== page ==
Sometime in early 2005 (January to March), I happened to stumble upon an extremely interesting technology: "adjustable prescription eyeglasses" -- with no eye appointment necessary!
At the time, I worked for a small medical sales, service, and supply company here in south Florida. I've since left that career path, but back then I was "up" on most of the new medical equipment, and tried to keep myself well informed. Medical advances still intrigue me, so I occasionally browse major technological advances in the field. Every once in awhile (like this past week) I still stumble on articles about the creator of these money-saving spectacles. His original site, www.adaptive-eyecare.com hasn't been operative since July of 2007, but you can still read through it at the Internet Archive.
The inventor, Professor Joshua D. Silver, runs the EBIT Group in the physics department at Oxford University.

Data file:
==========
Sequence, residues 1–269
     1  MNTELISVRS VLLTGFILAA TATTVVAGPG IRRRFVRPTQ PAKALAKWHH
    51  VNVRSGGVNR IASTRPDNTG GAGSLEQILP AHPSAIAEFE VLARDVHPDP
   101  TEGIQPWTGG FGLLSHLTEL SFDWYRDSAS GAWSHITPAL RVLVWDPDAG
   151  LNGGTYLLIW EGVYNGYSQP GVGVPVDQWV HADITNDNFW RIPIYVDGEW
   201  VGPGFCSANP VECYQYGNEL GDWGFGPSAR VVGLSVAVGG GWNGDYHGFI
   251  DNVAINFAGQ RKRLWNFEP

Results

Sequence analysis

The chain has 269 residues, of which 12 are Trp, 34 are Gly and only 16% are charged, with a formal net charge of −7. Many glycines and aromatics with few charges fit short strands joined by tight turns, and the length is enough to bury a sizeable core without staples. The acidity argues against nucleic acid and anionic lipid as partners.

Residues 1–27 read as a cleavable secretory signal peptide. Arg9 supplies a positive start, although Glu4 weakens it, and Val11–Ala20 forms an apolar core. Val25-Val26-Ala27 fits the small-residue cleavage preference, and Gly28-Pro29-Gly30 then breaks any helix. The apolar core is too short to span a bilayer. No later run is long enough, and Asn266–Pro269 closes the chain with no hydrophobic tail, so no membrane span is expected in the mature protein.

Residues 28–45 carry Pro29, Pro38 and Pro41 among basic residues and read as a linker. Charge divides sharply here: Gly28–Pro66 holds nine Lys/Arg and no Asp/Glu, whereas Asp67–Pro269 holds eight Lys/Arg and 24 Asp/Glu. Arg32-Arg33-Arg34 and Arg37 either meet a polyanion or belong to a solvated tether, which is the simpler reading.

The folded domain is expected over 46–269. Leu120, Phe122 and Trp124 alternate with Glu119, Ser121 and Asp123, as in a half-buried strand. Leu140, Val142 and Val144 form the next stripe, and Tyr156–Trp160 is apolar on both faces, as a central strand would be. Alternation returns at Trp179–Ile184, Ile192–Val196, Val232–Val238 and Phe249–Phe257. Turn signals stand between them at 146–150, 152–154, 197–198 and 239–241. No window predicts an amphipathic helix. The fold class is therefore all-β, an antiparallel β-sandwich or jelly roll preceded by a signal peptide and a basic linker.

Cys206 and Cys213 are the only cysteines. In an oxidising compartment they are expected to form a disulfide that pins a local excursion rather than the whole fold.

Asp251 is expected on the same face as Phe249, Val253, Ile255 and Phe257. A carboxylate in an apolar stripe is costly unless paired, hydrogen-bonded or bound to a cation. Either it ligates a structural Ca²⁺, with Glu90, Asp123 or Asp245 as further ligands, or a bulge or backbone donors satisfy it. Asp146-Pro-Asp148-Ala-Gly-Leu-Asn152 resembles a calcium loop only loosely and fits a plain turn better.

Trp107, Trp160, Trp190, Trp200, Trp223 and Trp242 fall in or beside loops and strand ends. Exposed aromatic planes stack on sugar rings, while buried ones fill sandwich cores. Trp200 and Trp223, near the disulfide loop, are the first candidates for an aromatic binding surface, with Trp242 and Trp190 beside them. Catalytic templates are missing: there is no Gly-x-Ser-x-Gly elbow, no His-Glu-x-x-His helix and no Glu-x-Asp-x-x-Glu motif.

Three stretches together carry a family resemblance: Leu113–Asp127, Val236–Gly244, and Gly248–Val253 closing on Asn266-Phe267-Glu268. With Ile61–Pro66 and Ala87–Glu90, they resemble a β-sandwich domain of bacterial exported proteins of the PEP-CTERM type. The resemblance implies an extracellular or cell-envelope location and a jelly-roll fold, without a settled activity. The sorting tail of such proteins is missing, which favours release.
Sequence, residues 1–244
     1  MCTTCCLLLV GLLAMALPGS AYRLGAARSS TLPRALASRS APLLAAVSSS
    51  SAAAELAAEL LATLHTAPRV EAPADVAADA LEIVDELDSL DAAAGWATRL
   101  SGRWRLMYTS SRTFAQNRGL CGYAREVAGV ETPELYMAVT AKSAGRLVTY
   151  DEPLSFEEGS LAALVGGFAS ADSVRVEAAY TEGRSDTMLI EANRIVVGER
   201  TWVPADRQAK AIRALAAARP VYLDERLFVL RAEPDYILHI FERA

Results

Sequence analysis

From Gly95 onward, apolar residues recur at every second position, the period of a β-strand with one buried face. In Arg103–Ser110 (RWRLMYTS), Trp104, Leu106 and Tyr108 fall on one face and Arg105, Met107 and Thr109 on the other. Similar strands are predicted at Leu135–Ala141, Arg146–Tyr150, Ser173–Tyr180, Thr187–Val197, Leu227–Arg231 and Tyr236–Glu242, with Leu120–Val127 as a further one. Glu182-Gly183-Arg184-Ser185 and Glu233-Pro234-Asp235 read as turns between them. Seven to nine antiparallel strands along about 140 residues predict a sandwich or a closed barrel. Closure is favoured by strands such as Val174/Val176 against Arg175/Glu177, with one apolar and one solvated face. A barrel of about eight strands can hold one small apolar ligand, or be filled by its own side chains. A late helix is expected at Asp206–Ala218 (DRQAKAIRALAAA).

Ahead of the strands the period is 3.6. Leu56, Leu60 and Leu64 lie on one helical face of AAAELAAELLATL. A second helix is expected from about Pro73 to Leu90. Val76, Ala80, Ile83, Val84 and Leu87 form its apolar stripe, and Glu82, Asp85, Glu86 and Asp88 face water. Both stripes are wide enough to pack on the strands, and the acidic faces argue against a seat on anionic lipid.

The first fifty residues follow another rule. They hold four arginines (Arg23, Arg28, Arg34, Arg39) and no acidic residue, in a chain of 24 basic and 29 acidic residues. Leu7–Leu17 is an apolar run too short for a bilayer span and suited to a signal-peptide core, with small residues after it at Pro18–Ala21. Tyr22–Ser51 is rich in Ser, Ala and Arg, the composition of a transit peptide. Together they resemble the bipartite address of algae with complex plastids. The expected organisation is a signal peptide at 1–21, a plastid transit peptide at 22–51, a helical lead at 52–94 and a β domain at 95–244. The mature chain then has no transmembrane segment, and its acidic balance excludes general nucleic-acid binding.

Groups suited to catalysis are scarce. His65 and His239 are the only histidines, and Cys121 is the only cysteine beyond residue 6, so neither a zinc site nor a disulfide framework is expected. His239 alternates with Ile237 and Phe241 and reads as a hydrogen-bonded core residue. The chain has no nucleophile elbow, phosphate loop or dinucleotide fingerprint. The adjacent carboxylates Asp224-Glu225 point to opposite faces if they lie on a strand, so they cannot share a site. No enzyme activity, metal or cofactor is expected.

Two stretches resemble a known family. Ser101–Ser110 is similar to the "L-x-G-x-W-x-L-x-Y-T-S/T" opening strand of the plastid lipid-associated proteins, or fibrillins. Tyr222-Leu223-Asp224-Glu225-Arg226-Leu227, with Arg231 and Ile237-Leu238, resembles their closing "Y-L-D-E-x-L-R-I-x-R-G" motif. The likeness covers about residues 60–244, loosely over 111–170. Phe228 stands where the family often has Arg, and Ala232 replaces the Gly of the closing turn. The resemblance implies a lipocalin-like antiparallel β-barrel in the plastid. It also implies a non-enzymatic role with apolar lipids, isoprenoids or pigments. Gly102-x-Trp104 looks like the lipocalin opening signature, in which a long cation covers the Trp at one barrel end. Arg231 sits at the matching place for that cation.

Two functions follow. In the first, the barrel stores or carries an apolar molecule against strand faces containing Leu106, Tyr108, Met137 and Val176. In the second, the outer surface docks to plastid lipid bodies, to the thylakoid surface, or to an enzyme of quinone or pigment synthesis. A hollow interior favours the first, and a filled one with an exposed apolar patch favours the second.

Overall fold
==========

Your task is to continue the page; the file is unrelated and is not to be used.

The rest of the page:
The concept behind the glasses is fairly basic: the wearer can "tune" each lens (independently) to the exact prescription needed (+/-6 diopters max) and then "lock" that prescription into the glasses by tightening a screw to seal the lenses. With that, Presto! You have the correct prescription -- for your eyes! Of course, that is without the exam fee, the doctor's fee, the extra cost for designer frames (these are ugly, but effective), and without wasting time waiting for the production of new designer glasses.
The only drawback to these adjustable prescription glasses: they're still in "concept" phase, so they haven't become cheap enough (yet) to distribute widely. (Over 30,000 pair have already been donated to the poor.)
Professor Silver's goal for this year is to be able to produce a pair of glasses for around $1 -- and then he'd like to distribute one million of them throughout India.
His long term goal:
Distributing one billion glasses to the poor and needy of the entire world!
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